The All India Democratic Women’s Association (AIDWA) has demanded that the University Grants Commission (UGC) withdraw its directive to universities to hold lectures on ancient Indian democracy as it amounts to “glorification of anti-women ancient texts and traditions”.
“The themes of the lectures include Khap Panchayats, feudal and dictatorial monarchies and anti-women customs that follow the Manusmriti. By issuing this letter, it has shown that it is not an autonomous agency which is wedded to the ideals of modern education, but that it is becoming a hand-maiden of the Hindutva brigade,” said a press statement issued by AIDWA, which is the women’s wing of the Communist Party of India (Marxist).
The UGC has urged universities and colleges to hold lectures on November 26, observed as Constitution Day, on the theme of “India: the mother of democracy”. It has also provided a list of themes that such lectures should explore, which include the concept of “ideal king” (rajarsi or seer king) according to Kautilya and Bhagwad Gita, concept of kingship vis-a-vis democracy, Harappa as the pioneering architect of the democratic system, khap panchayats and their “democratic traditions”, among others.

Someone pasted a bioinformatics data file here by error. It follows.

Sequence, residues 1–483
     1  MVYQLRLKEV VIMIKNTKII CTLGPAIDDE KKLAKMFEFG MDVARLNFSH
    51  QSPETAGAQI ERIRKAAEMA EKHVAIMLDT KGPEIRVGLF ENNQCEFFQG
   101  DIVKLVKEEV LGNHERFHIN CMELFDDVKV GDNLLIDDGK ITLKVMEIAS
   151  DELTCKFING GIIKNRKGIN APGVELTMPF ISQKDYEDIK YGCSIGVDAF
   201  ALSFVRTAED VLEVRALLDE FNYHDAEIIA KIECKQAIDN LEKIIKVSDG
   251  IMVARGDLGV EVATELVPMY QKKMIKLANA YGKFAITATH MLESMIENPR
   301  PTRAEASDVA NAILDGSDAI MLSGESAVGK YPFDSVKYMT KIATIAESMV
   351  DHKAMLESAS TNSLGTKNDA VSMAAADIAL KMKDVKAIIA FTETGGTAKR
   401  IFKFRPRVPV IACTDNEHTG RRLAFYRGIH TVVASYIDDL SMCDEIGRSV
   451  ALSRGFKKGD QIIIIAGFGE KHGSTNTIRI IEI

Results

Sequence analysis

The AIDWA has condemned this as an attempt “to sell the idea of Vedic democracy as an ideal political system” and legitimise illegal and conservative social institutions” like the Khap Panchayats.
It has said that it was ironical that the UGC chose to mark the Constitution Day in a manner that “fundamentally ignores the rights of women to decent and dignified life.”
It has urged all members of universities to oppose attempts that will “alter the character of UGC and make it an instrument of conservative Hindutva politics” and has urged the UGC to exercise its constitutionally mandated role of promoting modern education that is based on the Constitutional values.
CPI(M) leader Sitaram Yechury called the UGC letter “reprehensible” and a “throwback to oppressive rule of medieval monarchy” in a Twitter post. In reference to themes such as “an ideal king” proposed by the UGC, Mr. Yechury pointed out that “democracy signifies separation of political authority from the myth of divine sanction to rule invoked by Kings”.